Interview #78 — Tanya Ali

By Mari Stuart


Tanya Ali is a Pakistani-Australian broadcaster, writer and musician making art on Gadigal-Wangal land. She is also the Music Editor of Peril Magazine.

At FBi Radio, she hosts Monday Arvos and co-hosts Agenda. Across all disciplines she dabbles in, her practice persistently circles back to themes of culture, race, politics and identity.

Mari Stuart talked to Tanya Ali about working in radio, navigating being a person of colour in the Australian media landscape, and her many forms of creative practice.


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The land of radio (and let’s face it, Australian media in general) wasn’t exactly full of voices from people of colour, especially when you and I were growing up. What drew you to becoming a radio broadcaster, and was it something you’d strived for from a young age?
You’re so right! I guess while the media I consumed as a kid was overwhelmingly white, media has always been a part of my life in a pretty pervasive way. My parents are both journalists, and when they had first migrated to Australia, one of my mum’s first jobs here was at SBS in radio. Growing up, radio was always a background soundtrack of sorts, but I don’t think it ever occurred to me as something I wanted to pursue until I was a teenager.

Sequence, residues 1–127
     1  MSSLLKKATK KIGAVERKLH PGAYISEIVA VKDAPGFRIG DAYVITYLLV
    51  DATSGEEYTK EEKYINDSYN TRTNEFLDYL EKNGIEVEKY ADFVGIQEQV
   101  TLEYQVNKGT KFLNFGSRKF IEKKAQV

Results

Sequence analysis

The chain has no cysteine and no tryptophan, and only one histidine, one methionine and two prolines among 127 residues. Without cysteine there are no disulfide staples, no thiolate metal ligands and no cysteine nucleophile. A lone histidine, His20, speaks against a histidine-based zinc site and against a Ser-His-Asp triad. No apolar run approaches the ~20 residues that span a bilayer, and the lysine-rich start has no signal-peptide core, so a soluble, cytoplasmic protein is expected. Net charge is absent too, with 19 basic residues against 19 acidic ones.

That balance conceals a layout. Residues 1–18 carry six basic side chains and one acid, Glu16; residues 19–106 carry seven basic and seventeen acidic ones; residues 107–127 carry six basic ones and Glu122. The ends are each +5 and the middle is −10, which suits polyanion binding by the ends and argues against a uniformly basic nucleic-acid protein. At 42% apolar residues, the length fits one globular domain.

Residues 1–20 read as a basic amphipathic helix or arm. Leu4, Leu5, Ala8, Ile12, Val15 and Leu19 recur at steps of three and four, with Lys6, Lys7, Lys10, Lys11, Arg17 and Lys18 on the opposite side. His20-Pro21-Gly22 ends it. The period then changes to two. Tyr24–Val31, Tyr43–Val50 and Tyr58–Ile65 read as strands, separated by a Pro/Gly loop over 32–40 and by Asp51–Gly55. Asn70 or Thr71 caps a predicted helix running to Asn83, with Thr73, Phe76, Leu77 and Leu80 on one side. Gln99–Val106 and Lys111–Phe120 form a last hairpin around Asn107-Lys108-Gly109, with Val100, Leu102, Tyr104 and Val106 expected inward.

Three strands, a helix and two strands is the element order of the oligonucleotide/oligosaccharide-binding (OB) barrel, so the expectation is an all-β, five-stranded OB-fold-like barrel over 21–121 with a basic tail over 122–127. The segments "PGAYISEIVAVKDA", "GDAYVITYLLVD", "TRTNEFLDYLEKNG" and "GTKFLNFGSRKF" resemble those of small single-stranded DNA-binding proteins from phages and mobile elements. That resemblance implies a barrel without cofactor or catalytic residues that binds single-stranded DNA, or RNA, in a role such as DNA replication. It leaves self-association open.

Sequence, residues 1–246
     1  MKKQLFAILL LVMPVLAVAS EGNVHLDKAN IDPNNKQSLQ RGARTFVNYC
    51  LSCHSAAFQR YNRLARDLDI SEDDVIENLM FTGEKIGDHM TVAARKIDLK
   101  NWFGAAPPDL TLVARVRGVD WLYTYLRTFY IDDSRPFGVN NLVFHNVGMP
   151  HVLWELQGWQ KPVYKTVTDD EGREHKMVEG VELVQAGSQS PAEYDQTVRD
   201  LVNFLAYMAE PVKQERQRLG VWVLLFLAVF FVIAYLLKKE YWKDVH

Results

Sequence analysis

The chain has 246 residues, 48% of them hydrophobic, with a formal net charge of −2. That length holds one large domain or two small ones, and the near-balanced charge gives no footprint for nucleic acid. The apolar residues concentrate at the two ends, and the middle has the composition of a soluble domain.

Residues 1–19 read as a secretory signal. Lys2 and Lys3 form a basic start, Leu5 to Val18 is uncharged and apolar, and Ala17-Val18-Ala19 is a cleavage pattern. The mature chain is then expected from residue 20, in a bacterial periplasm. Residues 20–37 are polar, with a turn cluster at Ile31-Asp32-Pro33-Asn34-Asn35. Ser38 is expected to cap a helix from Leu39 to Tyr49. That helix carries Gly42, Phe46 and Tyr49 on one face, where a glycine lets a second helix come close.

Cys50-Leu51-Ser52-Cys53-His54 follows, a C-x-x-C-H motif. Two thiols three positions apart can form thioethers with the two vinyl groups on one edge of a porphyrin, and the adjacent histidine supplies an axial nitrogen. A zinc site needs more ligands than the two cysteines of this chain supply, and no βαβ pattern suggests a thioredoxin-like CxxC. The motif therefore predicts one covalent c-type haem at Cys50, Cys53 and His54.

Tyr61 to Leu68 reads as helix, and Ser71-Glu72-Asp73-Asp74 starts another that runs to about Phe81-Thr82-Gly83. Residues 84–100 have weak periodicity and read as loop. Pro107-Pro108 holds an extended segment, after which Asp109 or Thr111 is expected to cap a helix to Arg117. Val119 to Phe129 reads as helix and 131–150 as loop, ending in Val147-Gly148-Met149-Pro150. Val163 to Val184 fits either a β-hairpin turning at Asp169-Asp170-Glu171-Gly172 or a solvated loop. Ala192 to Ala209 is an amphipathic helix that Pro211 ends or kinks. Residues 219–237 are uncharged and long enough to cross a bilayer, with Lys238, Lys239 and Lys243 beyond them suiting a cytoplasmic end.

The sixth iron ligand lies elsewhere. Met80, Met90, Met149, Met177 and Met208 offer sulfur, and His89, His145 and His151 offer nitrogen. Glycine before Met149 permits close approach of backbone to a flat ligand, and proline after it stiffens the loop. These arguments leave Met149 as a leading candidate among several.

I was actually a painfully shy kid, but when I was in Grade Five did a weekend course in debating and all of a sudden realised that public speaking was something I enjoyed, and wasn’t as terrifying as I had previously thought. I’d also always lived and breathed music, and knew from a young age that I wanted to work with music in some way—though it definitely felt like a pipe-dream until very recently.

At about thirteen or fourteen I discovered triple j. It’s interesting to think how quickly radio then became a fixture of my life. I would constantly be tuned in, and broadcasters like Marieke Hardy, Linda Marigliano, Nina Las Vegas and Elize Strydom were all huge role models to me. By the time I graduated high school I was sure I wanted to give radio a go, and the next year I got accepted into FBi Radio’s Presenter Training course. Under the mentorship of some incredible people (shoutout to radio powerhouse Caroline Gates!), here we are now, where radio is a pretty major part of my life and career currently.